There is little doubt that technology costs will continue to fall – both solar and wind follow established experience curves that show cost reductions over time. For solar PV, module prices have fallen by around 24 percent for every doubling of capacity. For wind the drop is more like 14 percent. Bearing this in mind, we expect utility-scale solar PV costs will be in the range of $33-82 per Megawatt hour (MWh) by 2040 on a levelised basis (i.e., not including subsidies), while onshore wind will be at $37-76 per MWh. That is much more competitive than coal and gas, at $65-123 per MWh and $62-141 per MWh, respectively.
In our NEO forecast, we strip out clean energy subsidies from 2020, leaving only established carbon prices and some strategically significant industry subsidies as in the case of offshore wind and nuclear. This enables us to see how the economics alone will play out.
Over the next 25 years we expect renewable energy to attract over US$8 trillion, or around two thirds of all investment in new power sector capacity. Solar will be the big winner, attracting US$3.7 billion – about 60 percent of that roof-top, small-scale PV. By 2040, 64 percent of global installed capacity will produce zero emissions, up from 35 percent today.
In Europe, a combination of more competitive renewables, rising carbon prices, tougher pollution regulations, weak or negative electricity demand growth and smarter ways of matching supply and demand, will mean coal and even gas-fired power are increasingly forced out of the supply mix. As this happens, emissions will continue to fall, such that by 2040 power-sector emissions will have fallen by 82 percent from 2014 levels.
In the US, we see cheap gas and the shale revolution giving way to a dramatic uptake of rooftop PV. As in Europe, weak demand and pollution regulations, plus an increasingly toxic market for coal-fired power means emissions will fall at around 1 percent per year for the next 25 years, and that’s before we consider President Barack Obama’s new Clean Power Plan.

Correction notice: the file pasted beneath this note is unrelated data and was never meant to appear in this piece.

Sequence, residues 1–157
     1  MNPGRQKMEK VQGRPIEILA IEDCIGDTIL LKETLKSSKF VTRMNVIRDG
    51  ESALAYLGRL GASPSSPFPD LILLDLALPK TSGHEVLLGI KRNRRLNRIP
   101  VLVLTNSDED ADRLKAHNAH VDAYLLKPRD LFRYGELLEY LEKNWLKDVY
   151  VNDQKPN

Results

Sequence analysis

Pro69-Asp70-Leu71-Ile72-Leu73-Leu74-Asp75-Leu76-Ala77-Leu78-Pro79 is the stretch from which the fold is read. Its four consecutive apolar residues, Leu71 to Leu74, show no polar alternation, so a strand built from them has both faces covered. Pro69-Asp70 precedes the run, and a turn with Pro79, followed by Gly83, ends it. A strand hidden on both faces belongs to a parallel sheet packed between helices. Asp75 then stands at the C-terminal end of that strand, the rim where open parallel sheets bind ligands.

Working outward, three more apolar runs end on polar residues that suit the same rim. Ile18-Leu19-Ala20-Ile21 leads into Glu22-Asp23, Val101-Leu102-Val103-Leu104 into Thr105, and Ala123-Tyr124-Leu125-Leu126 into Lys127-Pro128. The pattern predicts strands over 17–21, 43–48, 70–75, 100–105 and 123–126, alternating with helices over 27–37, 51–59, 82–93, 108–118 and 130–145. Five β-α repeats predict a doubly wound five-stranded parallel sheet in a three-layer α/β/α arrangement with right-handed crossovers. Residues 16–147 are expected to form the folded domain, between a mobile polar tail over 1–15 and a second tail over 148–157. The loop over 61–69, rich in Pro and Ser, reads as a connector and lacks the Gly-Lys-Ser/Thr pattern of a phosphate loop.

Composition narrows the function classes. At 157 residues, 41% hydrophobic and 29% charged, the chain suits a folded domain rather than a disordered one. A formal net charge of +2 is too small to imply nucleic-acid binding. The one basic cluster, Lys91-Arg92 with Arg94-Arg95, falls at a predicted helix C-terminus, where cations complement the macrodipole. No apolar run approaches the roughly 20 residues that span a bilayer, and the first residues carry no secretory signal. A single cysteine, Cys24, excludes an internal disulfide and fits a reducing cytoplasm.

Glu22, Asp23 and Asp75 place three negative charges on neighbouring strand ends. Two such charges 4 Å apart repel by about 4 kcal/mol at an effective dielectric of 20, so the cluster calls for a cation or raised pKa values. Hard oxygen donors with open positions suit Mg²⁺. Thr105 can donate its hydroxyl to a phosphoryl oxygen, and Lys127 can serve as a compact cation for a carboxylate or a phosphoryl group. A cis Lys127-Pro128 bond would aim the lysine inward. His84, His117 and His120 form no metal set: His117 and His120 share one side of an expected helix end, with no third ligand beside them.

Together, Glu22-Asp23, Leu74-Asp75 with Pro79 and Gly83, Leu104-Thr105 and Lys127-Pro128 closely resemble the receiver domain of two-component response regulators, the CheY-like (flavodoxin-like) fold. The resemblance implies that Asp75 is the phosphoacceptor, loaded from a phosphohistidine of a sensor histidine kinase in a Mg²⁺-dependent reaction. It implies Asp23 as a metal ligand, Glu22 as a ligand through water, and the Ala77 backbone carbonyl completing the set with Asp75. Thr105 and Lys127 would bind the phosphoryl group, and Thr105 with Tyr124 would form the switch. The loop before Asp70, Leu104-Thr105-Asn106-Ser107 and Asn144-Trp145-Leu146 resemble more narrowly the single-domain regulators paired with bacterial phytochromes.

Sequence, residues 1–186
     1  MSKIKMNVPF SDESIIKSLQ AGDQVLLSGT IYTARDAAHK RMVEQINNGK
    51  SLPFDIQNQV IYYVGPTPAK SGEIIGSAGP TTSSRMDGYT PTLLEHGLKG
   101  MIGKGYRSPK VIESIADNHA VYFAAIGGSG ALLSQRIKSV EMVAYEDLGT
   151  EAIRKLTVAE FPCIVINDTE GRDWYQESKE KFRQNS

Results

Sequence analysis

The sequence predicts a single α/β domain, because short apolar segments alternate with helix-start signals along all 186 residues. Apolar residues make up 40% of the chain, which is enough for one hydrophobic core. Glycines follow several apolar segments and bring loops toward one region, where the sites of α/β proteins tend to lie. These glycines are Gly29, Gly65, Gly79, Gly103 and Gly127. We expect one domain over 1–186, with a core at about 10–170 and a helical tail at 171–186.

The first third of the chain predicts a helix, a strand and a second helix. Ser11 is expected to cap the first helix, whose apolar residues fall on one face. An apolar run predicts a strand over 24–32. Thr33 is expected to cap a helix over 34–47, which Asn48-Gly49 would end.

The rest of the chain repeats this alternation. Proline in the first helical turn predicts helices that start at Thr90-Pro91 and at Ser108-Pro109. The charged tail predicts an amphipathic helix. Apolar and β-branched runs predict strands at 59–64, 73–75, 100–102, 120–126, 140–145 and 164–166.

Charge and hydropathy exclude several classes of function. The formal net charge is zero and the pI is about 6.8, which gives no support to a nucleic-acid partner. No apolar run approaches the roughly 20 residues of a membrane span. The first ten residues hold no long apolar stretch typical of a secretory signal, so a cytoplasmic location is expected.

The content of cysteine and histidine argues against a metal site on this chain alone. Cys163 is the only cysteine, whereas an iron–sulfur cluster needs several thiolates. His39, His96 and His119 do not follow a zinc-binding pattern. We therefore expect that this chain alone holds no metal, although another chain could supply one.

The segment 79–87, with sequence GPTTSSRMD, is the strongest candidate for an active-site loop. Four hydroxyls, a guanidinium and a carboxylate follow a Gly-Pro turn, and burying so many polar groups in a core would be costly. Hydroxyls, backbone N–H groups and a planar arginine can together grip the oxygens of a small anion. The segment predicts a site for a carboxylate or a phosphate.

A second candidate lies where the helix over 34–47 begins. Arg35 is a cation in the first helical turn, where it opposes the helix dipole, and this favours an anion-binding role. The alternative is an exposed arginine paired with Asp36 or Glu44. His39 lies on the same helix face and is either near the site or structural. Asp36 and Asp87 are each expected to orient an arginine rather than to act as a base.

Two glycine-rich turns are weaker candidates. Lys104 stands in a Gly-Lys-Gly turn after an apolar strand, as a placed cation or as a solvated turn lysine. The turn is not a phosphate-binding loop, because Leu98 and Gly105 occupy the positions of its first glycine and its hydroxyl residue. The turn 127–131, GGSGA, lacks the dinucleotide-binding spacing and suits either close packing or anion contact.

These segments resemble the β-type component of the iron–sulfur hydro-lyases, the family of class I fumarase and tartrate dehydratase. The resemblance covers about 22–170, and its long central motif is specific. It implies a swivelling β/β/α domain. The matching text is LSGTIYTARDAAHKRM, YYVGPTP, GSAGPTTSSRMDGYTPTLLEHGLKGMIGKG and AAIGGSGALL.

Even in China, which has added 46 GW of coal-fired power on average per year for the past five years, coal consumption in the power sector will probably peak around 2021, as first wind, then solar, become more cost-effective options in the presence of a moderate carbon price.
But will this be enough to curb temperature rises? There’s a compelling economic case that cheap renewable energy could potentially get us close to the two degrees target. But even with the cost reductions we foresee, global emissions are likely to continue to rise. The combination of strong electricity demand growth, abundant low-cost local sources of fossil fuels and a dearth of pollution and emission controls in energy-hungry developing economies will bring a significant amount of new carbon-intensive coal and gas generation into play. In India, emissions from coal-fired power alone may well increase 40 percent by 2040. In South East Asia, emissions could climb 48 percent, and in Turkey they may rise 28 percent.
On balance, if we expect cheap renewable energy to prevent dangerous climate change, we’re likely to be disappointed. All considered, global power-sector emissions don’t peak until 2029, as growth in fossil fuel generation in developing countries overwhelms reductions elsewhere. Looking out to 2040, power sector emissions will still be 13 percent higher than today. For a policymaker staring at a warming world, that’s clearly unacceptable. As Steve Holliday has said – this industry is going through a tremendous transformation. My bet is that this transformation will accelerate further before it starts to slow down.
Featured Image Credit: Kai Lehman CC-BY-2.0